Sunday, March 16, 2008
Women to Women: Journeys to Darfur
Image from Darfur: A Tinderbox of Trouble & Woe
by Renee D. Turner on the BET News Blog Week In My Life
Linda Mason, Gloria White-Hammond, and Liz Walker meet with Sudanese activists.
Photo by Susan Romanski
Listen Now: From WGBH Forum
Gloria White-Hammond, physician, minister, social activist
Liz Walker, minister, news anchor, CBS 4
Linda Mason, founder, chairman, Bright Horizons
Kenneth Sweder, lawyer, activist
In February, 2005, Mason, Walker and White-Hammond traveled to Darfur in the western part of Sudan to raise global awareness of the conflict and to raise funds to support the women and children of Darfur. Recent news reports peg the number of displaced people at 2.5 million and estimate 200,000 to 400,000 have died, mostly women and children, in what has been described as ongoing ethnic genocide. Over 200,000 people have fled across the border to Chad. Mason, Walker and White-Hammond discuss their experiences and thoughts about the future of Darfur and its people and what the United States can do. This lecture includes a presentation of video footage of the women's 2005 trip produced by Liz Walker.
Electing A Black President: Michael Eric Dyson in discussion
Michael Eric Dyson, professor, theology, Georgetown
Dr. Michael Eric Dyson and a panel of black elected officials to discuss the possibility of electing a black president as we head into an historical election year.
Dr. Dyson is professor at Georgetown University, where he teaches theology, English and African American Studies. He is the best selling author of I May Not Get There With You: The True Martin Luther King, Jr.; Holler If You Hear Me: Searching for Tupac Shakur; Race Rules: Navigating the Color Line; Come Hell or High Water: Hurricane Katrina and the Color of Disaster and his latest book Debating Race. Dr. Dyson's powerful scholarship has won him legions of admirers.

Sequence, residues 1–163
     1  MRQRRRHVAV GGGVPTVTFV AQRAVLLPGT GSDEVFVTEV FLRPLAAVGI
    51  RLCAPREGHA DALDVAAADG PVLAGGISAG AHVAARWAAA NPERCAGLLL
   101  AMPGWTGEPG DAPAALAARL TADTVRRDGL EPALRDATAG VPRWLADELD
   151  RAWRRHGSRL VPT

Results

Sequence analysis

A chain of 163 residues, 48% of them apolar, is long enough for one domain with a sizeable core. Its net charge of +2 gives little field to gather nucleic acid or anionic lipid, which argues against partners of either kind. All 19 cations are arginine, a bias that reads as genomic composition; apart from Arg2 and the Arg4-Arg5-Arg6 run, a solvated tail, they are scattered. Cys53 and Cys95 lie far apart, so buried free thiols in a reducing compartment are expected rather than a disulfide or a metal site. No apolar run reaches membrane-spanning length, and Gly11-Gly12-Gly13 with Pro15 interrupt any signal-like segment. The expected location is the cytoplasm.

Brotha Kristof explains it all for you: Why Africa Matters
Nicholas Kristof, columnist, NY Times, 1990 & 2006 Pulitzer Prize
From the WGBH Forum: The New York Times columnist Nicholas D. Kristof discusses economic and human rights developments in Darfur and other African nations. Since 2004, Kristof has written dozens of columns about Darfur, winning his second Pulitzer Price in 2006, for what the judges called "his graphic, deeply reported columns that, at personal risk, focused attention on genocide in Darfur and that gave voice to the voiceless in other parts of the world." Right on Brotha Kristof
Sunday, March 02, 2008
Darfur: The Recurring Nightmare
You close your eyes, hoping for a dream of peace and are startled and frightened that the old night terrors return in force to route your calm and drive you into despair and fear. And so, it was exactly that feeling that overwhelmed my quiet Sunday morning in cold Minnesota as I read of the renewed violence in Darfur. The Sudanese thumb their noses at the International Criminal Court, unleash the merciless Janjaweed and murderous violence on unarmed villages and towns. Meanwhile, the vaunted strength of the "only superpower" is tied up in endless and questionable crises in Iraq and Afghanistan. I, for one, believe that if Hillary Clinton and other democrats had had moral courage in opposing the Iraq debacle, we would be in a better position, morally and militarily, to stop the genocide in Sudan. But, no. Now mired in Iraq's endless conflict (our very own 100 year war if we are to believe John McCain) and facing a renewed Taliban, we have neither the ethical authority or power to fight a truly just war. Shame on Sudan and on us.